The Sammy Ofer Centre - Main Entrance.

The Sammy Ofer Centre - Main Entrance.

I was commissioned by Sheppard Robson architects to photograph several specific views externally, along with some interior shots that matched up identically in composition and framing to a series of black and white originals taken many years previously and held in the RIBA's photographic archive. Unfortunately I don't have access to these images presently so am unable provide side by side comparisons.

The Sammy Ofer Centre - Rear Elevation.

The Sammy Ofer Centre - Rear Elevation.

At the buildings rear are further contrasts between the old and new elements; in front of the new atrium is a lone retained arch and further down, an new angular limestone and glass curtain wall which nudges up to the original more ornate stonework. Housed within this new structure are the six lecture theaters, the largest two of which conjoin to create a space with the capacity to seat 200 students.

The Sammy Ofer Centre - Private and comunal study area.

The Sammy Ofer Centre - Private and comunal study area.

Sheppard Robsons' interior design team ID:SR worked on the buildings internal fit out which comprises new modern spaces alongside retained, renovated elements of the original Old Marylebone Town Hall. There is a level opulence befitting of the schools prestigious reputation and the new furnishings work in harmony with the more classical elements of the original structure.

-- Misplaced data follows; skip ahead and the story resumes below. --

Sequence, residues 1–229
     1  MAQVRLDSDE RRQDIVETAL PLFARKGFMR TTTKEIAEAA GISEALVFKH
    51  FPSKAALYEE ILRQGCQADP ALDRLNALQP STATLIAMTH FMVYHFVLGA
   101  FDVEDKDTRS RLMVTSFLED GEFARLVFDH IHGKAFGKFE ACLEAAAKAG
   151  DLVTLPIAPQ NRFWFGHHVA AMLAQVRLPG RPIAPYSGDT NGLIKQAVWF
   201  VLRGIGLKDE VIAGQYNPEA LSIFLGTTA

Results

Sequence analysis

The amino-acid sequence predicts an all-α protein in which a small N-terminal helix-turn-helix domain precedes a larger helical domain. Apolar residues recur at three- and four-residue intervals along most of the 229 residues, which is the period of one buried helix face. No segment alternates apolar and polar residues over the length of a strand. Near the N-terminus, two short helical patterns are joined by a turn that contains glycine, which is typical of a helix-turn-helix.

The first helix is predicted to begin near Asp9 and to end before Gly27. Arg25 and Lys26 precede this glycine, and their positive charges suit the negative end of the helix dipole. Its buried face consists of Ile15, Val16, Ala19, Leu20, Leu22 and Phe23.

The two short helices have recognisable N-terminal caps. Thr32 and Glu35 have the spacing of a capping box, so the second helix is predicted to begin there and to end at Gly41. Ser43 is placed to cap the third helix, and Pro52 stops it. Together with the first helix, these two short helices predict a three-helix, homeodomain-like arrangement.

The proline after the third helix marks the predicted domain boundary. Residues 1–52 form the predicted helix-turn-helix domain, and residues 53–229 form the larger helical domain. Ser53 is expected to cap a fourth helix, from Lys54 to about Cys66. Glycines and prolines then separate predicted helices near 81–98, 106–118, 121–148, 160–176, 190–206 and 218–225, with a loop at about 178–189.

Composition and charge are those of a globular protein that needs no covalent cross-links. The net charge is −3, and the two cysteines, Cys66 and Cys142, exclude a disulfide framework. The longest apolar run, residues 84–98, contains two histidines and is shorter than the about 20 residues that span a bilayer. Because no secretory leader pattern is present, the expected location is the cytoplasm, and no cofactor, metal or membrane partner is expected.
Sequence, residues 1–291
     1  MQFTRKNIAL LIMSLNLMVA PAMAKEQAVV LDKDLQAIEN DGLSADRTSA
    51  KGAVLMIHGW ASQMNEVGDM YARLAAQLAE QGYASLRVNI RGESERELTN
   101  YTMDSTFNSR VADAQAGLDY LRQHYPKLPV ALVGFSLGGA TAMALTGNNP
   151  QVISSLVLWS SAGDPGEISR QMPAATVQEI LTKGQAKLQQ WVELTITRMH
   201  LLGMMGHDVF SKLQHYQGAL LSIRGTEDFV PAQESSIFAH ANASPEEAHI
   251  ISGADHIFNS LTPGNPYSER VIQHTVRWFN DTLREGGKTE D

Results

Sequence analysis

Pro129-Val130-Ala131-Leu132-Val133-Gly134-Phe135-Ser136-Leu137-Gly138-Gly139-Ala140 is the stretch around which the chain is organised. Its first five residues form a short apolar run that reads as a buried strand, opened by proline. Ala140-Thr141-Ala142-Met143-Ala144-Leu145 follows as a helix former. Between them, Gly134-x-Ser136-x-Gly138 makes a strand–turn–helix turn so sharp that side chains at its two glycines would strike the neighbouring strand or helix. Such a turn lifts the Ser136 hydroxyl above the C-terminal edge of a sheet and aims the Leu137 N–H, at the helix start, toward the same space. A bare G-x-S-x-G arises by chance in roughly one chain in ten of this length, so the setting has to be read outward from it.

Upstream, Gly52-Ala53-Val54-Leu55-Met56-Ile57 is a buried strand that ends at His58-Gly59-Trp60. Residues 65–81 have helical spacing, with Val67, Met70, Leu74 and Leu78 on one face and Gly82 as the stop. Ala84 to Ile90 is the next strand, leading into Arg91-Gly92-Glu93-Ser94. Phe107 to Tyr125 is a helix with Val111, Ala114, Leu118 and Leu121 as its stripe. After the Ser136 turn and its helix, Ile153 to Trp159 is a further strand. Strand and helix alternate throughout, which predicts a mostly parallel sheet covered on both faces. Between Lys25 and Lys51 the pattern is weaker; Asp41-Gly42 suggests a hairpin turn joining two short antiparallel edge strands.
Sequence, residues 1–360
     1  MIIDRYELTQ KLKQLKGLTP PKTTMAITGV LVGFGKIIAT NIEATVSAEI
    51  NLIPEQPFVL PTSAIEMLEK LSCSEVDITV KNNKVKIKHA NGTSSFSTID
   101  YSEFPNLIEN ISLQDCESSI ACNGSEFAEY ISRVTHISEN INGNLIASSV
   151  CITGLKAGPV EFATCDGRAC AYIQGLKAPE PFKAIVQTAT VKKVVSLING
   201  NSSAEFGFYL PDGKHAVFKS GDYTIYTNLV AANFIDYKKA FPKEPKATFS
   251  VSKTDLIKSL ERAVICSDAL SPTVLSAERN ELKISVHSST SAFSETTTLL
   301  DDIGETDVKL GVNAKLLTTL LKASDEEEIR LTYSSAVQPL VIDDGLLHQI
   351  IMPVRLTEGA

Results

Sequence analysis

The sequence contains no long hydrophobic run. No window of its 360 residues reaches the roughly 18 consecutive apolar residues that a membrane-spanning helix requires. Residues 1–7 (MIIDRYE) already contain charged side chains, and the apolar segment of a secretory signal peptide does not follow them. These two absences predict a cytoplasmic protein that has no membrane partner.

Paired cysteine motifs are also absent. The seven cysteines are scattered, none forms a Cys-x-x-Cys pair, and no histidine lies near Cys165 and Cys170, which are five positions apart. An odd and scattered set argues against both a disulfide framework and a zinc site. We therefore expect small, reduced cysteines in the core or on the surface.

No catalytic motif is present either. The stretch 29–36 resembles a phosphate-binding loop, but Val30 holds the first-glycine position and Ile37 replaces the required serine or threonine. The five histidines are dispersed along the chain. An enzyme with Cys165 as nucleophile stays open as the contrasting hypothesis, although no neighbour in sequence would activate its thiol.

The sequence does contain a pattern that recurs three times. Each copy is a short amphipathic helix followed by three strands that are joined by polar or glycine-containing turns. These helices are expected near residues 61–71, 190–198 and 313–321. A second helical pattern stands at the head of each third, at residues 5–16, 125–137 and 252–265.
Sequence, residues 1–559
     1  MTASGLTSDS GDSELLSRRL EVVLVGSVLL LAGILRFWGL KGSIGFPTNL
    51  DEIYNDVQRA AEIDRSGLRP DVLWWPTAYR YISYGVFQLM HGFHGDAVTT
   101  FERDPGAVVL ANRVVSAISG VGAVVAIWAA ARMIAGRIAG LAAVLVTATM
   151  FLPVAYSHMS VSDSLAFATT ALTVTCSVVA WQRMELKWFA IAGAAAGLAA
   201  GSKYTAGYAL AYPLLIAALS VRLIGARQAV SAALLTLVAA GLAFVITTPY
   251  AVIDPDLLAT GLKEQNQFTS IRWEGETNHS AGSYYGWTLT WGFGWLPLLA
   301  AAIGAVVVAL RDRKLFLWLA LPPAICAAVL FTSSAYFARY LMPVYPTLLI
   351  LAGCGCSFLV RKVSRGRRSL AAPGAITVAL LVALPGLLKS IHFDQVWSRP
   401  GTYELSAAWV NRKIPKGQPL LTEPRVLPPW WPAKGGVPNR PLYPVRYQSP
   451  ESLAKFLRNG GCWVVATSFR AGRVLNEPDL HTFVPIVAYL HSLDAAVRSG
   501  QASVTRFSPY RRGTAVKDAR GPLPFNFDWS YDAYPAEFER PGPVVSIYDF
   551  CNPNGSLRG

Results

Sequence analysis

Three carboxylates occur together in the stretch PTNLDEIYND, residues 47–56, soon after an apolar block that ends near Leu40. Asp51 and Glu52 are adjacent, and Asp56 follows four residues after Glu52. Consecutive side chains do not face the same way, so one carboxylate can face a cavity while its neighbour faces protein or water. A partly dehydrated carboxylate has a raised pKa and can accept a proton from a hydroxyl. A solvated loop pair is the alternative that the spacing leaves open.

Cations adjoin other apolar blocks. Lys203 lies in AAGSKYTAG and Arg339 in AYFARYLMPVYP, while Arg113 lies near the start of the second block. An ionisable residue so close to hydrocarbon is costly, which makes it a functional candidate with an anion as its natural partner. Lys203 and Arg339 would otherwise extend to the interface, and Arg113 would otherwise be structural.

The Sammy Ofer Centre - ID:SR's new furnishings.

The Sammy Ofer Centre - ID:SR's new furnishings.

The irregular floor plan of the original building, with its alcoves and long narrow corridors has been utilised by ID:SR to great affect; creating areas for private discussion and study alongside other more open, less defined spaces which are more likely to promote encounters among students and hence being conducive to the exchange of ideas and discussion - an integral function of a business school.

The Sammy Ofer Centre - One of the two main lecture theaters.

The Sammy Ofer Centre - One of the two main lecture theaters.

The new lecture theaters, of which there are six, are strikingly modern with wooden panels and strip-lighting traversing the walls and ceiling, ebbing out jagged contours which follow the dynamic alignment of seating below. All of this is reminiscent of some of the grand architectural designs found in modern philharmonic halls and theater spaces.

The buildings scale is hard to comprehend externally, compounded by the many divisions of its internal space to incorporate a variety of uses throughout. The fact that there is a harmony of contrasts within, and on the outside, is testament to  Sheppard Robson Architects careful and considered approach to the renovation. More images of this building can be found in under my projects.